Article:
“After they ate a pizza from a backpack of a man who was taking a swim in the lake they were looking for a dessert. They found this yellow bag and decided to take it away.”

Franusch urged people visiting the lake to avoid leaving food or rubbish behind, as this would only encourage the creatures.

With reporting from AFP.

Member comments

  1. So if this is the way to deal with animals dangerous to humans, I can imagine a lot of people that need to be shot in Berlin. Shooting these animals makes as much as sense as shooting your average thief on Kotti stealing your backpack. Signed the petition.

Log in here to leave a comment.
Become a Member to leave a comment.

ENVIRONMENT

Young activists take German states to court over climate inaction

Campaigners began a legal challenge against five German regions on Monday to force them to take stronger action on climate change, emboldened by a landmark recent court ruling in favour of environmental protection.

Young activists take German states to court over climate inaction
Demonstrators from the Fridays for Future movement protest in Gießen, Hesse, with a sign saying "No wishy-washy, no climate lashing". Photo: picture alliance/dpa | Frank Rumpenhorst

The plaintiffs are basing their case on a sensational verdict by Germany’s constitutional court in April which found that Germany’s plans to curb CO2 emissions were insufficient to meet the targets of the Paris climate agreement and placed an unfair burden on future generations.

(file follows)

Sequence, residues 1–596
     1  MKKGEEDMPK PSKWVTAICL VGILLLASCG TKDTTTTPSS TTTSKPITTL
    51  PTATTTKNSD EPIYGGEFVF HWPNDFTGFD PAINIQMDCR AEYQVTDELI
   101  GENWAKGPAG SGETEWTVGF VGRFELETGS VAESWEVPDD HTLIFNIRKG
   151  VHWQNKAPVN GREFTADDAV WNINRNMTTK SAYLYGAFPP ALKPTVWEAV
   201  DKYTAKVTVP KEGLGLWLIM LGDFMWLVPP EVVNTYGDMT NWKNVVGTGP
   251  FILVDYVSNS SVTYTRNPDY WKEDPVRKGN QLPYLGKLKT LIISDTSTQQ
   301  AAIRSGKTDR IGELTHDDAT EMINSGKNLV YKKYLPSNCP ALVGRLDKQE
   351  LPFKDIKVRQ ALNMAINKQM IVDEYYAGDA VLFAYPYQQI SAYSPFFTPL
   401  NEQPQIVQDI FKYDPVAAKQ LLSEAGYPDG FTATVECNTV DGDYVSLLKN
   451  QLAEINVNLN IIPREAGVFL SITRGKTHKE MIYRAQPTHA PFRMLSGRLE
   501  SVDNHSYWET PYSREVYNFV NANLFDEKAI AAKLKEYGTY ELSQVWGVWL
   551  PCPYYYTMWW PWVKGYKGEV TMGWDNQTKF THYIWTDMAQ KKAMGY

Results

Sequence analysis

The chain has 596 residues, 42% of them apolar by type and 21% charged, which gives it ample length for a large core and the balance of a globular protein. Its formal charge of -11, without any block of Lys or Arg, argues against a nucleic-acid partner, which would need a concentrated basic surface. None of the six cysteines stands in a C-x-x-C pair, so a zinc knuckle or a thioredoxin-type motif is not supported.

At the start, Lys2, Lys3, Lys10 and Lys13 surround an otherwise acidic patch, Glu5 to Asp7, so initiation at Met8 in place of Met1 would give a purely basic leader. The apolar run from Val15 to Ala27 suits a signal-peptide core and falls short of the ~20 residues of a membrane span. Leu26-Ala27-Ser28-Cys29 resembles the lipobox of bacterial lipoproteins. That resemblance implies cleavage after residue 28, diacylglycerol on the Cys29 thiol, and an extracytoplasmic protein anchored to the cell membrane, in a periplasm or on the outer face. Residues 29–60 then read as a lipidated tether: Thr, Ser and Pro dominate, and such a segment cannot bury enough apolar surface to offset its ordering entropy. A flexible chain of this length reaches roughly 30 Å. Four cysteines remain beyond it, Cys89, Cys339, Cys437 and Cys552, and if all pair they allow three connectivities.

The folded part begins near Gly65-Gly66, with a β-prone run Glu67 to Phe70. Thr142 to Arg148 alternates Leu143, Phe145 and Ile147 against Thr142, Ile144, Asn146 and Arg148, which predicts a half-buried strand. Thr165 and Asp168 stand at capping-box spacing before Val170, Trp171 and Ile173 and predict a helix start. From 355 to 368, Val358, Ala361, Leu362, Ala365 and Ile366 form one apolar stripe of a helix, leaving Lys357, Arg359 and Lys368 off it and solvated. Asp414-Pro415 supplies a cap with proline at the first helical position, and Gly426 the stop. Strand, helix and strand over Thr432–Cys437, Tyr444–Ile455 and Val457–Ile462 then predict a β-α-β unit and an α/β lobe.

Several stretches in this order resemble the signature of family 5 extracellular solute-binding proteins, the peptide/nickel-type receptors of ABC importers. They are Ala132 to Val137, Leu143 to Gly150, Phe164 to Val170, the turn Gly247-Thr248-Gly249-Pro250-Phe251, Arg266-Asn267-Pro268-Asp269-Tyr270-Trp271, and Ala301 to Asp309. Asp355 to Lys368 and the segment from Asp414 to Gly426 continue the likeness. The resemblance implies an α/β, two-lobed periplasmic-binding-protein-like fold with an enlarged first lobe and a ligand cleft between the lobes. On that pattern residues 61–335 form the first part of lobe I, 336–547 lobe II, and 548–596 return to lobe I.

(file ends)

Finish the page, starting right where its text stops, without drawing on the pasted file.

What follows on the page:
In a major win for activists, Chancellor Angela Merkel’s federal government then brought forward its date for carbon neutrality by five years to 2045, and raised its 2030 target for greenhouse gas reductions.

READ ALSO: 

On Monday, 16 children and young adults began proceedings against the regions of Hesse, Saxony, Saxony-Anhalt, Mecklenburg-Western Pomerania and Saarland, with support of environmental NGO Environmental Action Germany (DUH).

They are charging that none of the states targeted by the legal action have passed sufficiently strong climate legislation at the local level, according to DUH.

“The federal government can’t succeed on its own,” lead lawyer Remo Klinger said in a press conference, highlighting state competence in the area of transport.

DUH worked closely together with the youth climate movement Fridays For Future to find activists willing to front the challenges, the group said.

Seventeen-year-old plaintiff Alena Hochstadt said the western state of Hesse, known for its Frankfurt banking hub, had always been her home but she feared having “no future here”.

Concern about the risk of “floods, storms and droughts” led her and other campaigners to seek “a legal basis for binding climate protection”.

READ ALSO: Climate change made German floods ‘more likely and more intense’

Hesse’s ministers for climate and the economy said they were “surprised” by the announcement.

“DUH clearly has not yet understood that we in Hesse are well ahead,” Priska Hinz and Tarek Al-Wazir said in a joint statement, drawing attention to an energy future law from 2012, before the Paris climate agreement.

In July, DUH-supported activists took the states of Bavaria, North Rhine-Westphalia and Brandenburg to court on similar grounds.

SHOW COMMENTS